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The Senate Judiciary Committee will review Alberto Gonzales' past statements to determine whether Gonzales lied to the committee in 2006 by saying there had been no internal Justice Department dissent over the legality of the president's Terrorist Surveillance Program (otherwise known as the NSA's warrantless wiretapping program). When confronted by the senators, Gonzales today offered a surprising explanation of his consistency and veracity: he repeatedly suggested there's a different intelligence program, other than the TSP, that Justice Department officials found legally dubious in 2004. If Gonzales is telling the truth, he just disclosed the existence of a previously unknown intelligence program. If not, the embattled attorney general could be in some serious legal jeopardy.

Gonzales's "no-dissent" testimony sought to assure outraged Senators that the Justice Department had complete confidence in the controversial warrantless surveillance program known as the TSP, which was first disclosed by the New York Times in December 2005. But that line was cast into serious doubt by ex-Deputy Attorney General James Comey's May testimony that he thought the TSP was illegal during a stint as acting attorney general in March 2004. Indeed, the top echelon of Justice Department leadership was prepared to resign over the president's decision to continue a surveillance program without Department authorization.

Today, Gonzales did something absolutely unexpected: he said that Comey's doubts were about "other intelligence activities" than the warrantless surveillance program President Bush confirmed in December 2005 -- i.e., the TSP. That's how his 2006 statement that the TSP was uncontroversial could still be correct.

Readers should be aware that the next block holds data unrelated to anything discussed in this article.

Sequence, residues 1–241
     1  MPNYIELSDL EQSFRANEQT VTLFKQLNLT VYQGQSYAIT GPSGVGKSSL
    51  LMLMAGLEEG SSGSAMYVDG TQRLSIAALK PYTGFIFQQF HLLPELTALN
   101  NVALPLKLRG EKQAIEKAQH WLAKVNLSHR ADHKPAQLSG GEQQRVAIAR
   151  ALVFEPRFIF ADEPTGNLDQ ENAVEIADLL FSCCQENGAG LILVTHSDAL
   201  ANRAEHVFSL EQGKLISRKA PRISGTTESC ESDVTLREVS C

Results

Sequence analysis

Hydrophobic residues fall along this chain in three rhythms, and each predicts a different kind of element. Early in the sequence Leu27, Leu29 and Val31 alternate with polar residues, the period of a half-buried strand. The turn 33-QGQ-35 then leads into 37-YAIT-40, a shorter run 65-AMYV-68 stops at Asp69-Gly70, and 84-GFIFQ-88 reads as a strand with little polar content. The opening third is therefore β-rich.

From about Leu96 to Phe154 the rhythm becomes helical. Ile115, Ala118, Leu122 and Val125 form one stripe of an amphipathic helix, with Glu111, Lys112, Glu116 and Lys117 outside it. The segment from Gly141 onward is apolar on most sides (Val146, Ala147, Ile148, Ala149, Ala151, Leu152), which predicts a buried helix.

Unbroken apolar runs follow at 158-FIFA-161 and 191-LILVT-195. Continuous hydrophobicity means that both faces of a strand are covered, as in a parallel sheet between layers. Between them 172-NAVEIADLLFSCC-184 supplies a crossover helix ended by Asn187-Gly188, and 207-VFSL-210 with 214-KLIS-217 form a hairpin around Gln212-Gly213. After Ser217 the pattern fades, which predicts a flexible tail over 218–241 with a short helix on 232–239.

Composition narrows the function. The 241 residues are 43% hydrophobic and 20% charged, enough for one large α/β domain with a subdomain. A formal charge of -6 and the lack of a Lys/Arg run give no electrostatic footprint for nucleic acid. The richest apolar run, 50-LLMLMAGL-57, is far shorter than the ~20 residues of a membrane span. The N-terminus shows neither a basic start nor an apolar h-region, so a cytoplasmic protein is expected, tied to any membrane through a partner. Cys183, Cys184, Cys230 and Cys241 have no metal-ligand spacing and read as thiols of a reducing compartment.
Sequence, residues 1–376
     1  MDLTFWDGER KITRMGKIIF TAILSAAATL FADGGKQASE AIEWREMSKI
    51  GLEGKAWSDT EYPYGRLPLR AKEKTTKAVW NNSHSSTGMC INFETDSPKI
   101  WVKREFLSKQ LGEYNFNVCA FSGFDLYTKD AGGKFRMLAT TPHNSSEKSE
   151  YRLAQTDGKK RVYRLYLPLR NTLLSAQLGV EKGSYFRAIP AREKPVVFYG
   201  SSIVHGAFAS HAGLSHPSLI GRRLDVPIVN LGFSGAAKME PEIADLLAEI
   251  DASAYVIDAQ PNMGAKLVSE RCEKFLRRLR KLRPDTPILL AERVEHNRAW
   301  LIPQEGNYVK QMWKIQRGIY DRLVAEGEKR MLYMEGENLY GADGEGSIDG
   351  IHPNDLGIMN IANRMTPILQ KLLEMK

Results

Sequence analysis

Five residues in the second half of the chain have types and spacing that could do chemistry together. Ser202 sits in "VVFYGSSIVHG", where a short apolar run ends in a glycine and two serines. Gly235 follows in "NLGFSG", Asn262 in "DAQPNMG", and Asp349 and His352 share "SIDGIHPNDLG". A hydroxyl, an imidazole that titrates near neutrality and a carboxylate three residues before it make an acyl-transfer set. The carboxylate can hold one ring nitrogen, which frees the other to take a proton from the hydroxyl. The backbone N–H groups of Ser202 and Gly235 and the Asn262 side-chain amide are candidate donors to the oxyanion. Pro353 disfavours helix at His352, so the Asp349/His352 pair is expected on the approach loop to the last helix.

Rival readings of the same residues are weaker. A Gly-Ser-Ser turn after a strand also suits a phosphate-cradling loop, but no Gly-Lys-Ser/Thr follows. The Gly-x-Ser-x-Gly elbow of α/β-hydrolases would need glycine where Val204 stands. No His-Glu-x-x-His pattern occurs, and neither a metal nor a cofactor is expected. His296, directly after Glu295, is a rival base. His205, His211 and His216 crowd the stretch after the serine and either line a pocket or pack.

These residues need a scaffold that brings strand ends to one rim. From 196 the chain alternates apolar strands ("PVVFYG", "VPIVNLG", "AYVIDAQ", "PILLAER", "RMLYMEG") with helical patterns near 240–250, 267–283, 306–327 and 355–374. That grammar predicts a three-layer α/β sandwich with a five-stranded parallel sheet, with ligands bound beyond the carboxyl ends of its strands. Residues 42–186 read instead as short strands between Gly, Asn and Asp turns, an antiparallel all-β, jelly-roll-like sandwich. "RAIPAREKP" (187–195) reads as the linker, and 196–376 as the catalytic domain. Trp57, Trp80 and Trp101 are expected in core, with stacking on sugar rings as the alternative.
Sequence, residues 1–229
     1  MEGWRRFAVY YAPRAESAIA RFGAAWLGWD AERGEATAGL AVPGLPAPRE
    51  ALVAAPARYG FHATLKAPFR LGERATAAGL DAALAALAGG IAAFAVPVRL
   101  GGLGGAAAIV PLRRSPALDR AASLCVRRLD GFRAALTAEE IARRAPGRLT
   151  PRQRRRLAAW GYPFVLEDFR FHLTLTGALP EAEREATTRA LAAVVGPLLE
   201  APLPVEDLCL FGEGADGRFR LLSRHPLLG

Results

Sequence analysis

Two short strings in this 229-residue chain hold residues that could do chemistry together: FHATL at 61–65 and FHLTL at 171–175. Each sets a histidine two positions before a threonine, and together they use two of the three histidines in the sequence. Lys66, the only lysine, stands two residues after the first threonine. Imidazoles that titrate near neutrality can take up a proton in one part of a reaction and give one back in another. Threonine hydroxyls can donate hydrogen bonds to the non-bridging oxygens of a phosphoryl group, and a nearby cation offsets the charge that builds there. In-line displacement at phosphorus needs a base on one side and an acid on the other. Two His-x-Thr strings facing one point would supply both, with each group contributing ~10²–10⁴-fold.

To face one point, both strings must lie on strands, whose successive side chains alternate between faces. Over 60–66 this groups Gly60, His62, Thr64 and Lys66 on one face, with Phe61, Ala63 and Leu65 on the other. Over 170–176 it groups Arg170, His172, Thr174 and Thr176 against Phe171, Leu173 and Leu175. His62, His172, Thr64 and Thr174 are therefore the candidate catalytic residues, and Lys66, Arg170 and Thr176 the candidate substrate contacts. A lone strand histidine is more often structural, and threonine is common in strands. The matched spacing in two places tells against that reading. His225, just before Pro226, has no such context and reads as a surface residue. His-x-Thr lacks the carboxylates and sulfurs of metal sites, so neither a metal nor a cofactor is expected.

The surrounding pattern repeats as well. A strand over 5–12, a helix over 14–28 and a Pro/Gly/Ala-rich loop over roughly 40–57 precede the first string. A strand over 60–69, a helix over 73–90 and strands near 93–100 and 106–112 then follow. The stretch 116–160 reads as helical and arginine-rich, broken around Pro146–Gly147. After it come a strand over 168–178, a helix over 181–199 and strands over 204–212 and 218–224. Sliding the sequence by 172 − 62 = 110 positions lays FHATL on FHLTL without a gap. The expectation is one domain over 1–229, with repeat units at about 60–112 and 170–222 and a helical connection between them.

But the senators weren't buying it. And they say that they'll be examining Gonzales' statements closely to see whether the attorney general has perjured himself.

Sen. Chuck Schumer (D-NY) battered Gonzales about the distinction between the TSP and the "other intelligence activities" Gonzales alleges existed. Schumer pointed out that in a June press conference, Gonzales confirmed that Comey was in fact talking about the "highly classified program which the president confirmed to the American people sometime ago" -- that is, the TSP. But Gonzales said at the hearing that shortly thereafter, he contacted Washington Post reporter Dan Eggen to retract the statement -- and then he stuck to his line about there being "other intelligence activities" that were at issue in March, 2004.

Next up was Sen. Arlen Specter (R-PA). The panel's ranking Republican, listening to Gonzales's new revelation -- or quasi-revelation, as the case may be -- said simply, "I do not find your testimony credible." Specter said that it was obvious that, as Gonzales initially confirmed last month, Comey was testifying about the Terrorist Surveillance Program -- meaning that Gonzales was not only lying to the Senate in his 2006 testimony, but lying today about "other intelligence activities" to cover up the lie. His advice to Gonzales was "to review your testimony carefully" and that the committee should see "if your credibility has been breached to the point of being actionable."

Then it was Sen. Russ Feingold (D-WI)'s turn. Feingold, a member of the Senate intelligence committee, has received briefings on the TSP, and he came away from listening to Gonzales believing that the attorney general's 2006 testimony was "misleading at best."

Sen. Sheldon Whitehouse (D-RI), also a member of the Senate intelligence committee, later said he concurred with Feingold. "I have no choice but to conclude that you intended to deceive us and to mislead us away from the dispute that the Deputy Attorney General [Comey] subsequently brought to our attention." For his part, chairman Pat Leahy (D-VT) advised Gonzales that the panel will "be looking at that transcript very, very closely" -- and that Gonzales should, too.

That might represent a final chance for Gonzales to step back from the brink of a perjury investigation. Whatever Gonzales expected to get out of today's hearing, he left the Senate having raised two lingering and mutually exclusive questions: whether the Bush administration has pursued a second secret, internally controversial intelligence program of dubious legality; or whether the attorney general of the United States lied under oath. Gonzales looked this morning like he had beaten back his political foes. What he probably didn't expect is that this afternoon, he became his own worst enemy.